Dear Professor Mathieson, here in Hong Kong we politicise everything
Henry Kissinger famously quipped that academic backbiting is fierce because the stakes are so low.
The public was given such a spectacle last week with the announcement that the University of Hong Kong has appointed Professor Peter Mathieson of Britain as its new vice-chancellor.
One prominent surgery professor called him "ignorant and incapable". A journalism professor described his "parachute" into Hong Kong from the University of Bristol, in a city of 430,000, as "a joke as big as the sky".
Well, the city of Cambridge has a population of 123,900 while the Oxford metropolitan area has more people: 244,000. If Mathieson had spoken with an Oxford accent, I am sure our city's oldest university would have been more welcoming. As it is, Bristol, a perfectly good university, just doesn't quite have the same cachet in brand-conscious Hong Kong. It's more Zara than Prada.
In any case, Mathieson, who prides himself on being a novice when it comes to local politics, has just had a lesson in it.
Dear professor, we politicise everything, including the appointment of university chiefs. Perhaps you can take comfort that it wasn't just you. This summer, your counterpart at Lingnan University also ran into trouble because he was once a part-time adviser to our chief executive, who has been declared persona non grata by large segments of our population. It was also because some students believed, rather implausibly, that his appointment should have been by one person, one vote. A word of advice: don't stand next to our chief executive, who is also your chancellor, to avoid being hit by stray objects.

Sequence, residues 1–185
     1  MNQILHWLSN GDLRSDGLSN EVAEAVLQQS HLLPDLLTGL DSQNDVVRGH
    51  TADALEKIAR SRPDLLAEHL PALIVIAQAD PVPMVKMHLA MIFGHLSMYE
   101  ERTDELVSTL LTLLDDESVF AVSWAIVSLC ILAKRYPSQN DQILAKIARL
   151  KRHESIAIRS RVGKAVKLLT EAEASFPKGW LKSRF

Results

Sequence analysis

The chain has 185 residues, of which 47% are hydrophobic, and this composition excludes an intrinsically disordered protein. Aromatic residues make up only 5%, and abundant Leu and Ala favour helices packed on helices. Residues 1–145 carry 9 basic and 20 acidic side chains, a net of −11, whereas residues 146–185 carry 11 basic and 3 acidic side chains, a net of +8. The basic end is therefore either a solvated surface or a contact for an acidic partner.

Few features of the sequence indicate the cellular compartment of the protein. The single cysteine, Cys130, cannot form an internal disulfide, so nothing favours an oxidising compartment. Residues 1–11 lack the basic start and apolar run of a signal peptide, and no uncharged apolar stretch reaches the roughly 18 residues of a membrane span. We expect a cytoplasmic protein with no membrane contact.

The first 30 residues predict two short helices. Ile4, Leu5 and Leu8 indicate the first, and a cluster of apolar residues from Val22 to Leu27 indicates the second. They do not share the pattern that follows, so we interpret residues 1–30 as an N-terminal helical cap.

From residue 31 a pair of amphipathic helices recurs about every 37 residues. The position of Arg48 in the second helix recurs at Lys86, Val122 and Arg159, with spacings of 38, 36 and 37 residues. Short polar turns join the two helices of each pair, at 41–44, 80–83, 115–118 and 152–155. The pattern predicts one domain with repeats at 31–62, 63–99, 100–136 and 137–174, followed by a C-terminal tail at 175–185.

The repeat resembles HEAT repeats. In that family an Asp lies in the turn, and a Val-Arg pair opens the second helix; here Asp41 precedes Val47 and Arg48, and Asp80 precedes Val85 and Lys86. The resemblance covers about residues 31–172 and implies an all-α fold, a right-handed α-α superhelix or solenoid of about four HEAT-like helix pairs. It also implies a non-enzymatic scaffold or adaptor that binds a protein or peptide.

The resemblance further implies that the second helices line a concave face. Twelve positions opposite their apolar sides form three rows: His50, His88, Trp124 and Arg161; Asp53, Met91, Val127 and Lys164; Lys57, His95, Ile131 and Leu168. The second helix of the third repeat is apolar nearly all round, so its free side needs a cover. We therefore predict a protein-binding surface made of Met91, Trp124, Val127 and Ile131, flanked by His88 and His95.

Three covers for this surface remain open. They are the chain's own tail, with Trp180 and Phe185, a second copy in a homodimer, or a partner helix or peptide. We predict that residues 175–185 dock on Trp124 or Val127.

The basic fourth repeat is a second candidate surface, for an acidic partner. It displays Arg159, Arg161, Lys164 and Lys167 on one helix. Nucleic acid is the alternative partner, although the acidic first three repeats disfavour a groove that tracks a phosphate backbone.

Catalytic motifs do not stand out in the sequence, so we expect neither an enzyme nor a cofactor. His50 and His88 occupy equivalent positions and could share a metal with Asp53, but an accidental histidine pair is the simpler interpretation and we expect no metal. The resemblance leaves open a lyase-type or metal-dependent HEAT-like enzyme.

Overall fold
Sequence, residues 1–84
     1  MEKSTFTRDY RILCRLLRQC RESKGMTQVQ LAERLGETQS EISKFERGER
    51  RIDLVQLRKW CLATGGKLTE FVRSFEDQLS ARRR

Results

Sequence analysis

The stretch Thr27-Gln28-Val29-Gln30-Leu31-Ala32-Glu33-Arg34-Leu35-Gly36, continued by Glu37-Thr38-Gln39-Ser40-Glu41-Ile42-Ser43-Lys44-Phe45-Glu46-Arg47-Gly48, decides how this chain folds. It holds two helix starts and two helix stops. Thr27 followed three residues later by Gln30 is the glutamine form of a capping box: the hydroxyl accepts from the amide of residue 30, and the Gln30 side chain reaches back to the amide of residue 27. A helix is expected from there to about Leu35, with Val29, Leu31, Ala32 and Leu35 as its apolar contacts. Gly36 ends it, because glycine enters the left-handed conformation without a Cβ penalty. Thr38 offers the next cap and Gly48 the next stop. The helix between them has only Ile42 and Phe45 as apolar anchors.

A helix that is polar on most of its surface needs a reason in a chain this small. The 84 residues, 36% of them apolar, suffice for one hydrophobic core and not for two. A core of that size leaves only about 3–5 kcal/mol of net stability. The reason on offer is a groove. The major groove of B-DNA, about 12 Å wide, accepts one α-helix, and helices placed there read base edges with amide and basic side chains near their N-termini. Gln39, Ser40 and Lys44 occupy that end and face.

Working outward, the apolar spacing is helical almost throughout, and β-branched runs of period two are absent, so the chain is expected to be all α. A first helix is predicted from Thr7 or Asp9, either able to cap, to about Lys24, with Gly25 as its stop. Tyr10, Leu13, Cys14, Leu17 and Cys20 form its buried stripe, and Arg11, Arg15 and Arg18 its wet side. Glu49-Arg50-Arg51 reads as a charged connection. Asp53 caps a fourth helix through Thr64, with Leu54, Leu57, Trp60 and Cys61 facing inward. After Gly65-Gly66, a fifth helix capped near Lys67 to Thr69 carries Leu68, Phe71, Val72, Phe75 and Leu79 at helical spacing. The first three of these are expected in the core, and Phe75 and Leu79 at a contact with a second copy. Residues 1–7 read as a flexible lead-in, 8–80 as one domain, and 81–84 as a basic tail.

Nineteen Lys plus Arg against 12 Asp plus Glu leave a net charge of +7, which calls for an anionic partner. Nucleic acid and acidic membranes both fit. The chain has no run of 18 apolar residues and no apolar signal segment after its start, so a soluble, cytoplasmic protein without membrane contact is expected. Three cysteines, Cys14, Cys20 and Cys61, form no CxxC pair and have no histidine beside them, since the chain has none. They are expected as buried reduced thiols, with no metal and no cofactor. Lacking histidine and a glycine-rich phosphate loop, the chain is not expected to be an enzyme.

Our hack of a professor claims your ignorance of the Chinese language and clean political slate mean you will be unable to protect our freedom. That would disqualify most foreign scientists, however distinguished. I say just do your job.
We have come to mistake rudeness for outspokenness, and outspokenness for courage. Openness and transparency now mean voicing personal, one-sided and ill-substantiated attacks in public. We all sound like protester extraordinaire-turned-lawmaker "Long Hair" Leung Kwok-hung.
Alas, we live in an age not so much of democratisation as "Long-hairitisation".